The 21st edition of the Commonwealth Games in Gold Coast, Australia, would be the first time that a quota system is being implemented. Hitherto every Commonwealth Games Association (CGA) could send as many athletes, entered in different sports, as it was able to afford. The CGF had however observed that the growing cost to host countries of unrestricted participation would soon render it impossible for some countries to even consider bidding to host the event.
The CGF’s decision is that the Games would be in full quota in 2022. However, the idea is that this year’s edition of the Games should be used as a trial for 2022 and so a modified version of the quota system was introduced.
CGAs were given an overall quota for Gold Coast based on the average participation over the past three editions of the Games (2006, 2010 and 2014). Within that allocation quotas were given for sports in which the CGA had participated, on average, in those three Games.
For the team sports and sports in which a CGA had not participated in the past three editions of the Commonwealth Games, potential participants would be selected based on their Commonwealth ranking.
All CGAs have been made aware that once the Games of the Gold Coast are completed all sports would have quotas established for future editions beginning in earnest with Birmingham in 2022.
There are many challenges for athletes from the northern hemisphere with the Games being held in the Gold Coast.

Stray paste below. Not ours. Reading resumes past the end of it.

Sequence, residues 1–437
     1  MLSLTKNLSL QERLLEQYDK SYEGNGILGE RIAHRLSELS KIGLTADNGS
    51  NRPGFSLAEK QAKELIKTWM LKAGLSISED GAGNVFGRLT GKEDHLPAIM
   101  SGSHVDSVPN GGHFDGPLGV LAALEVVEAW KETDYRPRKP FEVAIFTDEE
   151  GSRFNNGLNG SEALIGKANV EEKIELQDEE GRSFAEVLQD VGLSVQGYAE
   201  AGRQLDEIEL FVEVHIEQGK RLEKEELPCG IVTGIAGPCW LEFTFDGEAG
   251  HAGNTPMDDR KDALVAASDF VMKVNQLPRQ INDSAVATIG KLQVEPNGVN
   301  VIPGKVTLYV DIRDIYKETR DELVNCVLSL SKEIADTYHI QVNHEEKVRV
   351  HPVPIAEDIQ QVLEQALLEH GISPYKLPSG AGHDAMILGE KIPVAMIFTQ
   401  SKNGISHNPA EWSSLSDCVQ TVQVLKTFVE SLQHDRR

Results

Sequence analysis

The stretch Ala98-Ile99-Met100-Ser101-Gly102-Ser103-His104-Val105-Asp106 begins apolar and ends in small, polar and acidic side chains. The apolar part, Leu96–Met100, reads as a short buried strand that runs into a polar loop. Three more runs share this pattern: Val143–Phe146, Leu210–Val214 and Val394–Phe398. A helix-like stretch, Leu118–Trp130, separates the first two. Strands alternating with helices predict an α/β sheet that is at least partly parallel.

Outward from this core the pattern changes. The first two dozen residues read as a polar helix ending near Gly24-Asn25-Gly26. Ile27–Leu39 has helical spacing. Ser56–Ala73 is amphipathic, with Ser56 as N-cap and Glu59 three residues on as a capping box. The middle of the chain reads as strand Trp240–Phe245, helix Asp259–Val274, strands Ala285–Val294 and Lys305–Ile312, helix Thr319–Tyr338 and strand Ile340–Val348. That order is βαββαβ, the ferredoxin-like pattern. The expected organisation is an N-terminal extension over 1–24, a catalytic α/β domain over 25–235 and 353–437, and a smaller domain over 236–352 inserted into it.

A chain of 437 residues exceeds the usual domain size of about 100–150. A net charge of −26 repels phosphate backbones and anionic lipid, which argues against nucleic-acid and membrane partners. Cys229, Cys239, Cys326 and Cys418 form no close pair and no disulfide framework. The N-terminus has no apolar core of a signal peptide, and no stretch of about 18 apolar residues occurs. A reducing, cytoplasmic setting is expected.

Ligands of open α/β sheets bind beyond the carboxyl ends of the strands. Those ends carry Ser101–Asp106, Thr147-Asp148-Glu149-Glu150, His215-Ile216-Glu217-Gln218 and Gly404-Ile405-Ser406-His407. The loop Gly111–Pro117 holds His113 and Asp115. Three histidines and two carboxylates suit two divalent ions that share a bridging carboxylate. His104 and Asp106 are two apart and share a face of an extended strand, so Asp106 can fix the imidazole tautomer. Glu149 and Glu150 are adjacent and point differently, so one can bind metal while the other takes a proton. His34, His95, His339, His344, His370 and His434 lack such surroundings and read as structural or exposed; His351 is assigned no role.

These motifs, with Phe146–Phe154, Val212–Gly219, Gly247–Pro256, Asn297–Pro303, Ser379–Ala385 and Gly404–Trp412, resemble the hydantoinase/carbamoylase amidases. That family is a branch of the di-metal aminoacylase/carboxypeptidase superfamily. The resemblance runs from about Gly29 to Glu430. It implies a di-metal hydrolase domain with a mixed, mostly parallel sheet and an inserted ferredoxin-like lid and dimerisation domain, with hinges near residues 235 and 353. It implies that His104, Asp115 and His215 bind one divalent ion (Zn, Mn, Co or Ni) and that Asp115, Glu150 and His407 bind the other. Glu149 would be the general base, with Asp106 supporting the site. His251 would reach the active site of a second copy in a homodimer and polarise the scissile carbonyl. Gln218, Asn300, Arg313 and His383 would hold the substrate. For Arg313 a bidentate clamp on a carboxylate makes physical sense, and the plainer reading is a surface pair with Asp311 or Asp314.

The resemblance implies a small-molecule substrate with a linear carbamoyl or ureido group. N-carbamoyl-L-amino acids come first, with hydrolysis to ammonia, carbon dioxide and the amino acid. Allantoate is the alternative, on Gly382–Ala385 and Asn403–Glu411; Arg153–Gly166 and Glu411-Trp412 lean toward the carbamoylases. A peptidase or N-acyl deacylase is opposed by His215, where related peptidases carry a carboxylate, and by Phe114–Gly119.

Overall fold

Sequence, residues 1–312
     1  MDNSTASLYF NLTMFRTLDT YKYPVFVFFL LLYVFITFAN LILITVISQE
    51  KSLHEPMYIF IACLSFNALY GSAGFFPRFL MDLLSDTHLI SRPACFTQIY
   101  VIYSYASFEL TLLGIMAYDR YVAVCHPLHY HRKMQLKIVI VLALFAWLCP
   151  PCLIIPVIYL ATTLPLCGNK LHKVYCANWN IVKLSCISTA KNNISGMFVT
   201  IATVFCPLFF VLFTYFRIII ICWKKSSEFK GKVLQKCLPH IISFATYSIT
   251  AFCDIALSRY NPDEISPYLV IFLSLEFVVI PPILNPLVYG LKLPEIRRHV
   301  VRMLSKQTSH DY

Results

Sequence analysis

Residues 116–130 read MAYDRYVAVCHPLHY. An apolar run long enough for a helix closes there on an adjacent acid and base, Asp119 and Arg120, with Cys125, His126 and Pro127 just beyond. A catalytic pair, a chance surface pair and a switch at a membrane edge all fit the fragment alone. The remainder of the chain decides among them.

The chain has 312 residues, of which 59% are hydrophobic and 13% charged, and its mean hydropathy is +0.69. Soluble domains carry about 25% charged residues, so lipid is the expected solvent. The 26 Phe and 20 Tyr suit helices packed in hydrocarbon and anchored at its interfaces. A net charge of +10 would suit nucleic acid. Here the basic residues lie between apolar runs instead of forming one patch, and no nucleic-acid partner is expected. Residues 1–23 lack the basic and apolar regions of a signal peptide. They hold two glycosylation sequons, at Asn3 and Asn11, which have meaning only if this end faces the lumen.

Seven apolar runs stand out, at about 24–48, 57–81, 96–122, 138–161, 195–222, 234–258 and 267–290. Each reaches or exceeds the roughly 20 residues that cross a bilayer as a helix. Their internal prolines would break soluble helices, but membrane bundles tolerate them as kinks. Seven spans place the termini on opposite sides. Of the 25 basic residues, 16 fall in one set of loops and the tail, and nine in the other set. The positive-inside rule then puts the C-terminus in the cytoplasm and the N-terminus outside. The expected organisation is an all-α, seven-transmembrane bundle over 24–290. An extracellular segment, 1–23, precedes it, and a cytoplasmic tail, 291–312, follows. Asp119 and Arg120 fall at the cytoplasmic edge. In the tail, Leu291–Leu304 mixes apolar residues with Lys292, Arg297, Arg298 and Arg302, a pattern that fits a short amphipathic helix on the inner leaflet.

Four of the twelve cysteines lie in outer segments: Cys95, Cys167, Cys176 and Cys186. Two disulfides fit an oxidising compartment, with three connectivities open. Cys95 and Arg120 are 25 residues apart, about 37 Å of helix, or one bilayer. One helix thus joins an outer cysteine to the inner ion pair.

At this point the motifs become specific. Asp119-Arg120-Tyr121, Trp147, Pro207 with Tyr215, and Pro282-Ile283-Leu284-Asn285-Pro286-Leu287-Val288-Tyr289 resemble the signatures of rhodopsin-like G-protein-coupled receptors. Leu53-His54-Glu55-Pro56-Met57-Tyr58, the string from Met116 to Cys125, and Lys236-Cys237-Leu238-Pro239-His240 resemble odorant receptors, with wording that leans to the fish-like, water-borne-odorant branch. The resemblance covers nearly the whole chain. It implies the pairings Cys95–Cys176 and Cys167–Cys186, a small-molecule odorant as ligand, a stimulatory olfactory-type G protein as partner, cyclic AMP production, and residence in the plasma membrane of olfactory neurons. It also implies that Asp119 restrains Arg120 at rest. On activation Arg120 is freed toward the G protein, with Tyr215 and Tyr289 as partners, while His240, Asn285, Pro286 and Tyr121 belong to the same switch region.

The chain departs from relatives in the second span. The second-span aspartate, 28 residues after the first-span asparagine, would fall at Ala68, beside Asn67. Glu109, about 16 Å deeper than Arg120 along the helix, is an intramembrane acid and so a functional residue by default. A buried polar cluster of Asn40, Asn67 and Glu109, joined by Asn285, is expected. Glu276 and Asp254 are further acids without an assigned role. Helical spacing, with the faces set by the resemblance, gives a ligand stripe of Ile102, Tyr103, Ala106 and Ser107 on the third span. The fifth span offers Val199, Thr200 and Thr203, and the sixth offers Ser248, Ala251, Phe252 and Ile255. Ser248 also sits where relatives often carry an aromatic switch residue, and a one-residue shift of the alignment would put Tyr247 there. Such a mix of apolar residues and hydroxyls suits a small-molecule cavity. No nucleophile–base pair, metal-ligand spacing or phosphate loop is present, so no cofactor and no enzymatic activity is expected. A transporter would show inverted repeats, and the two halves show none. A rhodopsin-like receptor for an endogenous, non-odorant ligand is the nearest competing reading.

The Games are being held in April, which is the Autumn for Australia, just emerging from their Summer. For those of us in the northern hemisphere we are coming out of our preparation season and for some, into their indoor season.
The reality is that for runners, this is not a good time to compete if you are from the northern hemisphere. This is one of that some of the countries are unable to get the benefit of their best track and field athletes participating in the Games.
Another major challenge is the distance to Gold Coast from the Caribbean, for example. It is three days’ travel to get to the Gold Coast. This means that it would require another three to four days for an athlete to recover enough to compete at a relatively high level.
Acclimatising to the conditions in Australia constitutes another challenge to participating teams that have not had the benefit of a long pre-Games stay in the Gold Coast.
Australia has played host to numerous sporting events over the years including the Summer Olympics and the Commonwealth Games.
Our Vincentian team was last at the Commonwealth Games in Melbourne in 2006.
One of the hallmarks of an Australian city hosting multi-sport Games has always been the remarkably high and distinctive level of voluntarism.
Many would argue that after Canada, Australia is amongst the most committed to voluntarism in sport.
Participating teams have always commented favourably on the eagerness of the thousands of volunteers to be of assistance at every turn, making one’s stay in the city and country all the more comfortable.
Conditions are usually ideal for top quality competition.
One would hope that this time around the Vincentian delegation would do well in the conditions provided and with the eager support of the staff and students of the Worongary State School.